Wednesday, Jun 23, 2021
from 9:00 AM to 10:00 AM (UTC)
UN Environment Programme (UNEP)
Climate & Environment
Government & Politics
In this class, we will look at the interplay between human rights and climate change law. We will ascertain how human rights law obligations can support action to tackle the climate emergency at the national and regional levels. We will furthermore consider how human rights law may support internationally coordinated action to address specific challenges associated with climate change, like that of people displacement. At the same time, we will look at the challenges that climate change poses to the implementation and enforcement of human rights law, and at the solutions that are being devised in order to overcome these challenges.
- UN Special Rapporteur on Human Rights and the Environment, ‘Report of the Special Rapporteur on the Issue of Human Rights Obligations Relating to the Enjoyment of a Safe, Clean, Healthy and Sustainable Environment’ (2019) A/74/161.
- UN Special Rapporteur on Human Rights and the Environment, ‘Report of the Special Rapporteur on the Issue of Human Rights Obligations Relating to the Enjoyment of a Safe, Clean, Healthy and Sustainable Environment’ (2016) A/HRC/31/52.
- UNEP, ‘Climate Change and Human Rights’ (2015) <http://www.unenvironment.org/resources/report/climate-change-and-human-rights>.
- Annalisa Savaresi, ‘Human Rights and Climate Change’ in Tuula Honkonen and Seita Romppanen (eds), International Environmental Law-making and Diplomacy Review 2018 (University of Eastern Finland 2019) <https://ssrn.com/abstract=3327981>.
Annalisa Savaresi is an Associate Professor in International Environmental Law at the University of Eastern Finland, and Senior Lecturer in Environmental Law at the University of Stirling, Scotland. Her research focuses on climate change and on climate change law, emissions from land use, and rights-based approaches to environmental law and policy. She currently serves as Director for Europe for the Global Network on Human Rights and the Environment. She is Associate Editor of the Review of European, Comparative, and International Law and a member of the IUCN World Commission on Environmental Law and of the Women’s Energy and Climate Law Network. She has published extensively on the relationship between human rights and climate change law.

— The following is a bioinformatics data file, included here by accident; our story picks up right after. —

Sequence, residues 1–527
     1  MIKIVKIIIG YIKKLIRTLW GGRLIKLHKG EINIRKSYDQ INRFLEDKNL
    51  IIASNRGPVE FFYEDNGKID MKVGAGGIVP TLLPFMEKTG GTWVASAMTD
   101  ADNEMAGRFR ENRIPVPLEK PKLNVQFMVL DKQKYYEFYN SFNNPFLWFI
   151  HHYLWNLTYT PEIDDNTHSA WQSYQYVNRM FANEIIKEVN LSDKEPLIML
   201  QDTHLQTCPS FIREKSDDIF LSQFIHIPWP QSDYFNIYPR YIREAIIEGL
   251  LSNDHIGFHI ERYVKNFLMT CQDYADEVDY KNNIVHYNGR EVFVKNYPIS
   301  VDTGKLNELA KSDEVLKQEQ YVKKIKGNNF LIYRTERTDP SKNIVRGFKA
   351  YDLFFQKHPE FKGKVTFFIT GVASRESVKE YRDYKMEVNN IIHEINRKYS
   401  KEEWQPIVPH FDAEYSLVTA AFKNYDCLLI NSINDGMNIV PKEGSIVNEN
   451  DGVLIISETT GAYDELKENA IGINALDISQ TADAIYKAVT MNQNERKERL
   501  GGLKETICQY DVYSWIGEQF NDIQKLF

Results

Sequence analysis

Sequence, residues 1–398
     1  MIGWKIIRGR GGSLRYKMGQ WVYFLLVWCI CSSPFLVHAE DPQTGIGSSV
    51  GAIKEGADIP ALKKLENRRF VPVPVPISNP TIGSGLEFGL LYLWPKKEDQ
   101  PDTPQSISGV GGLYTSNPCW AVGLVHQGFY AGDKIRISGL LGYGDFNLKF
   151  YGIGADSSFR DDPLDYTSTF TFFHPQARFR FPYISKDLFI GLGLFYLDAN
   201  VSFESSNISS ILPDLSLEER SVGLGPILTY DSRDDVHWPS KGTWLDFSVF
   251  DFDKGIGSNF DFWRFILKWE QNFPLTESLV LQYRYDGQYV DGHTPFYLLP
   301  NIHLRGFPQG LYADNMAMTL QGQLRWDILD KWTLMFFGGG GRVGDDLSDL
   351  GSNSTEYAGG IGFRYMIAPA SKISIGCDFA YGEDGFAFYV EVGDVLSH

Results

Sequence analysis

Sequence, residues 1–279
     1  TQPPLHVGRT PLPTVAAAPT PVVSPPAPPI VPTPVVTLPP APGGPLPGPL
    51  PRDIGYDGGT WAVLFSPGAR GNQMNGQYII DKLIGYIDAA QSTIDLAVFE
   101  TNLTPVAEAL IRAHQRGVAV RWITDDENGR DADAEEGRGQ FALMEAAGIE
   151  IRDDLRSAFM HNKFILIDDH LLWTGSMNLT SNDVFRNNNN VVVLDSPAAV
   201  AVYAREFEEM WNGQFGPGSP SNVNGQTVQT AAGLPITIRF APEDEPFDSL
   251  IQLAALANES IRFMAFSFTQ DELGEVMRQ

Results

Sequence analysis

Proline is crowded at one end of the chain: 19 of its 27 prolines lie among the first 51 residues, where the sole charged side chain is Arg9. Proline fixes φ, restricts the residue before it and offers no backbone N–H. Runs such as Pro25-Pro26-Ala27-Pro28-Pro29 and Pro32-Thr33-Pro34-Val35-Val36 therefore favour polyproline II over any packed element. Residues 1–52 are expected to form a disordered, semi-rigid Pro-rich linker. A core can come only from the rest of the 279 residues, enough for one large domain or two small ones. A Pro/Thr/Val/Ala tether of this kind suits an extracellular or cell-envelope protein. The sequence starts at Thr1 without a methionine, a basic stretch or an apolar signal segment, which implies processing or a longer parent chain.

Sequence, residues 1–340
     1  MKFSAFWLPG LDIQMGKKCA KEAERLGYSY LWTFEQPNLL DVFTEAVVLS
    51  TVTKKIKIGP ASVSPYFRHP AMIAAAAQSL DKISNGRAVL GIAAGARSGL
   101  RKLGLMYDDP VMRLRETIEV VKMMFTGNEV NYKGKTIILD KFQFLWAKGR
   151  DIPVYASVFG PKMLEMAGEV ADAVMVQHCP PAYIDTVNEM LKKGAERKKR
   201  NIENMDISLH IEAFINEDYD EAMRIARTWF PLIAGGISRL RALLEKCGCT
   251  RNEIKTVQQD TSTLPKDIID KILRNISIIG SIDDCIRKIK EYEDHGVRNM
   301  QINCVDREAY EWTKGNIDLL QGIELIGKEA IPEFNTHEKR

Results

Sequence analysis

Margaretha Wewerinke-Singh is an Assistant Professor of Public International Law at Leiden University. Her research focuses on the role of law in addressing sustainable development challenges. Her recent book, State Responsibility, Climate Change and Human Rights (Hart Publishing) explains when and where State action related to climate change may amount to a violation of human rights. Margaretha has published extensively on the relationship between human rights and climate change law and currently serves as Deputy Director for Europe for the Global Network on Human Rights and the Environment.
Sebastien Duyck is a senior attorney for CIEL’s Climate & Energy Program. His work focuses primarily on promoting the integration of human rights and public participation in climate governance and in strengthening accountability for climate harms. Sébastien leads CIEL’s engagement with UN human rights institutions seeking greater consideration and scrutiny by these bodies of the duties of States to prevent human rights harms caused by climate change or climate responses and to promote environmental democracy. He also co-facilitates the Human Rights and Climate Change Working Group, convening civil society organizations advocating for the promotion and respect of human rights under the UN climate change regime and in the implementation of the Paris Agreement.
UN Environment Programme (UNEP)
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